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making pots and mounts

Discussion in 'General Chat' started by jai, Sep 4, 2015.

  1. jai

    jai Orchid addict

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    Has anyone tried making a pot or mount out of oven bake clay? Should it be avoided?
     
  2. jai

    jai Orchid addict

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    I was thinking of trying to make my own clay pots out of it.
     
  3. Marni

    Marni Well-Known Member Staff Member Supporting Member

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    That oven baked clay is probably not going to work. You could look into a ceramics class at a recreation center or a school. Also, some ceramic stores will sell you materials and you can make it and then have them fire it.
     
  4. jai

    jai Orchid addict

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    So its probably better to look for ceramic clay instead
     
  5. jai

    jai Orchid addict

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    What about quick dry cement?
     
  6. Marni

    Marni Well-Known Member Staff Member Supporting Member

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    I don't really know, but I think pH might be an issue. Give Google a try for orchids and cement.
     
  7. jai

    jai Orchid addict

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    It must be lime free cement to be able to use it.
     
  8. jai

    jai Orchid addict

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    Could broken clay pots(pieces) work as orchid mounts?
     
  9. PhalGal

    PhalGal Rachel

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    I would like to think they could be, but I'm not sure. I've never done that but plants I grow in clay pots do well and I've used small pieces of broken clay pots as an additive to some of my media. I would definitely use a bit of moss if you do. You could try. Experiments lead to experience. Good luck
     
  10. jai

    jai Orchid addict

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    I will thanks
     
  11. Dave The Scientist

    Dave The Scientist Active Member

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    I have seen terra cotta pots as mounts. They had a Catt growing on the outside of an upside down pot and I have also seen many overgrown orchids attach roots to the outside of the pot they are growing in. I would probably not use broken pots as broken terra cotta can be deceptively sharp.
     
    J E likes this.
  12. CoveLady

    CoveLady Active Member

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    I know this is an older post but interesting, I am also a rockgardner, we use a natural rock called tufa to grow many tiny plants, it is hard to come by and rather expensive. I wonder how small pieces would work as a mount?
    We also make troughs out of a mix of portland cement, sand, vermiculite and some fiberglass fibers, it's called hypertufa. This can be formed into what ever shape or size you might want, could you make a pot out of it, or imbed a wire hanger and make a mount?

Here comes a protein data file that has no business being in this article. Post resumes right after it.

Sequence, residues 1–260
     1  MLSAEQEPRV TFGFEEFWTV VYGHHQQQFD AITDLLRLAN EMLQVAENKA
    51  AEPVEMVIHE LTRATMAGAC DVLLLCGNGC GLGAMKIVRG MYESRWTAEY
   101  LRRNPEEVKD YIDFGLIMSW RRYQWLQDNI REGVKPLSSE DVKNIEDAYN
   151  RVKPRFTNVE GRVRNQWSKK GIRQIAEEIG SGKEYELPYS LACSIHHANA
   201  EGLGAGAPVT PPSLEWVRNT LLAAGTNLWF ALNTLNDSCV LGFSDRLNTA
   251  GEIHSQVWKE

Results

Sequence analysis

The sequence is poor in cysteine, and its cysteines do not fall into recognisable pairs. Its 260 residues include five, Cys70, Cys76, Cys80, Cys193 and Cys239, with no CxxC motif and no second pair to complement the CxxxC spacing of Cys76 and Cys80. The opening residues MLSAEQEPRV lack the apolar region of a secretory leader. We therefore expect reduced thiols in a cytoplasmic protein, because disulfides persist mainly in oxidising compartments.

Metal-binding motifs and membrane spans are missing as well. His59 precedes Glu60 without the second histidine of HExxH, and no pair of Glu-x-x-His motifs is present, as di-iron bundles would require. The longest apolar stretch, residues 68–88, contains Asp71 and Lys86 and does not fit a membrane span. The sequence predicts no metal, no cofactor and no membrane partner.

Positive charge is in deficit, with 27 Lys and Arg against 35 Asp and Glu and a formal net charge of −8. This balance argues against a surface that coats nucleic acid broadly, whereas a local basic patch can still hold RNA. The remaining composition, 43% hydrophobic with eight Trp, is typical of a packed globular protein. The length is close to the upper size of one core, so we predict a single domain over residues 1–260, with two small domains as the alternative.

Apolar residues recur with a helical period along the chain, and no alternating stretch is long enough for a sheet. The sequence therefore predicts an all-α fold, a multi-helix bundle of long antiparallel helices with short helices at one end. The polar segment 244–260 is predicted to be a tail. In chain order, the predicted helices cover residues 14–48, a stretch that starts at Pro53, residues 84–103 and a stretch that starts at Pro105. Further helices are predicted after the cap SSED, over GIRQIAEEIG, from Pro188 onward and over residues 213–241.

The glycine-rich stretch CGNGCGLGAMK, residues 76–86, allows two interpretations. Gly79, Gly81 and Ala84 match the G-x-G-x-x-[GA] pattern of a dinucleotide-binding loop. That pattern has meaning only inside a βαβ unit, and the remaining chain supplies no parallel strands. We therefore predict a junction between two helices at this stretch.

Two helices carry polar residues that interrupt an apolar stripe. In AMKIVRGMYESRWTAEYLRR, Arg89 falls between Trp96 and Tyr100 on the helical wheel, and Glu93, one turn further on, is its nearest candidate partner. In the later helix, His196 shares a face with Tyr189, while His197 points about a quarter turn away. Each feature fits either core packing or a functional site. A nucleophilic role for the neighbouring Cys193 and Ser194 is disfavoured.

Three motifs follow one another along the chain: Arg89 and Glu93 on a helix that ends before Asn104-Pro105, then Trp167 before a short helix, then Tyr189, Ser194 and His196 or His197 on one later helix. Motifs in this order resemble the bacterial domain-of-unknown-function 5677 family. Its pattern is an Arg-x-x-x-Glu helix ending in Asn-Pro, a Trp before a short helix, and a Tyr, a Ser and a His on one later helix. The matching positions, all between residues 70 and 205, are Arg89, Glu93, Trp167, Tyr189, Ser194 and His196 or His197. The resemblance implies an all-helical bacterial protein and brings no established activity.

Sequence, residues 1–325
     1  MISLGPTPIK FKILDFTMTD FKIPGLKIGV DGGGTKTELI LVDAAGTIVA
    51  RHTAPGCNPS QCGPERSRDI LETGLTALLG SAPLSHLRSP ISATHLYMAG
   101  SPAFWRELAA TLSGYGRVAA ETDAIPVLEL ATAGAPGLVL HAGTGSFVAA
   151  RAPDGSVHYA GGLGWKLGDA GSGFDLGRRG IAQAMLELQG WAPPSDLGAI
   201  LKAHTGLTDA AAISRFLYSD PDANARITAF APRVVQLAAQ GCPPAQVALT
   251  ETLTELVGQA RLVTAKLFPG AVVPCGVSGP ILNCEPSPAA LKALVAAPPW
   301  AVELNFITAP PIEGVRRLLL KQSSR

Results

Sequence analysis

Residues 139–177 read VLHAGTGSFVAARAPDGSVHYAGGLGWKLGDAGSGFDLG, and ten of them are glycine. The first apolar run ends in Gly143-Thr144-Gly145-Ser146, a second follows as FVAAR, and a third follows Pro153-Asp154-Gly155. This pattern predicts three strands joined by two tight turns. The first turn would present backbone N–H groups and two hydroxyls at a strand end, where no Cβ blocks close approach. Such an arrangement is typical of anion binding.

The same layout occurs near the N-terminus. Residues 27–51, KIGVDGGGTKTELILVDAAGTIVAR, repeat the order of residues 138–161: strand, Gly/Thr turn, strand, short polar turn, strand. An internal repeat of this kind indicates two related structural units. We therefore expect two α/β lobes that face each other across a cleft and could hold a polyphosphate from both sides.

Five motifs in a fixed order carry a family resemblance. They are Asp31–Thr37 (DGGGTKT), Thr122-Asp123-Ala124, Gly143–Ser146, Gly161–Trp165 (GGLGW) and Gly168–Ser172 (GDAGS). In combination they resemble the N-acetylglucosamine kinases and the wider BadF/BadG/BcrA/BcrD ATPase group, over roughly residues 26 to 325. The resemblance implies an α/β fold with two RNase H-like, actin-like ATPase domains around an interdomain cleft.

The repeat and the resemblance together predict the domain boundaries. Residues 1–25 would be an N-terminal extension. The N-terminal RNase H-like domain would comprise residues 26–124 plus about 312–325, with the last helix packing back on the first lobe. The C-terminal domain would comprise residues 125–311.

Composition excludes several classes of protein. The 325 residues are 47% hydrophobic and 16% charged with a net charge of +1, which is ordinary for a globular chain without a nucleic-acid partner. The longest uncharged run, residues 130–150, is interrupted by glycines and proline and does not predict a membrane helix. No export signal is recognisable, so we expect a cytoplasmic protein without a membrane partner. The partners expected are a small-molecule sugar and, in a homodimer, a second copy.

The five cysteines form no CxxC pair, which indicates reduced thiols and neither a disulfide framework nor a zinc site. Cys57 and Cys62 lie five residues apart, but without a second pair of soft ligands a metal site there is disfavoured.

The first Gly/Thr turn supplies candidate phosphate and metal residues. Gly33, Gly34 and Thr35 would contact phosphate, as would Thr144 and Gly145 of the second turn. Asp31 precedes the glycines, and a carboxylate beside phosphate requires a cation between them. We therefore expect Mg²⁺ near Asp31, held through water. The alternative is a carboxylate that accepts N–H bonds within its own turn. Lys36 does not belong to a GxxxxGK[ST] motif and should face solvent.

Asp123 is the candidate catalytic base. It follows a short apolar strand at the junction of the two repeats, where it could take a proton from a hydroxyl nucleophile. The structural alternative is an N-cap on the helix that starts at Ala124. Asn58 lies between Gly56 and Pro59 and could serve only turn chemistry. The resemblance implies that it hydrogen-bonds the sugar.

I wonder how an orchid would do mounted onto it, the rock garden plants seem to do quite well. I do not know if there would be leaching from the cement or if that would be a problem. Anybody have any thoughts on this?
     
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  13. Dave The Scientist

    Dave The Scientist Active Member

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  14. Ray

    Ray Orchid Iconoclast Supporting Member

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    I think it's best to add a lot of peat moss to the hypertufa before adding the water, in order to lower the pH.
     
  15. CoveLady

    CoveLady Active Member

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    Thanks Ray, You are right, I completely forgot to add the peat moss, it is critical to have in there. The recipe is avaliable on the Am. Rock Garden web site. I must have been distracted when I wrote it as I well know that it has to be in the mix to make it stable and lighter. It can be shaped into any form you want as it is the consistancy of clay and very malliable. It does have to cure for a period of time to develope its strength. I have not made any troughs for a long time, they last very well but may try a small batch to try this out. Just don't forget to put holes for draniage in while it is still soft, while still soft the outside of the item can be "sculpted" to any texture you want, look like wood or what ever.
     
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  16. Bart

    Bart New Member

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    I know this is an old post, but I'm able to turn my own pots, bake and (optionally) glaze them.

    At the moment I'm attempting to mount plants on the exterior of a pot, which is then watered from the inside. The clay is deff porous enough to keep the pot moist, and I am in control of clay type, shape, bake-type (e.g. low or high fired), which opens a lot of options for experimentation.
    Ideas, inspiration, tips, and whatever are always welcome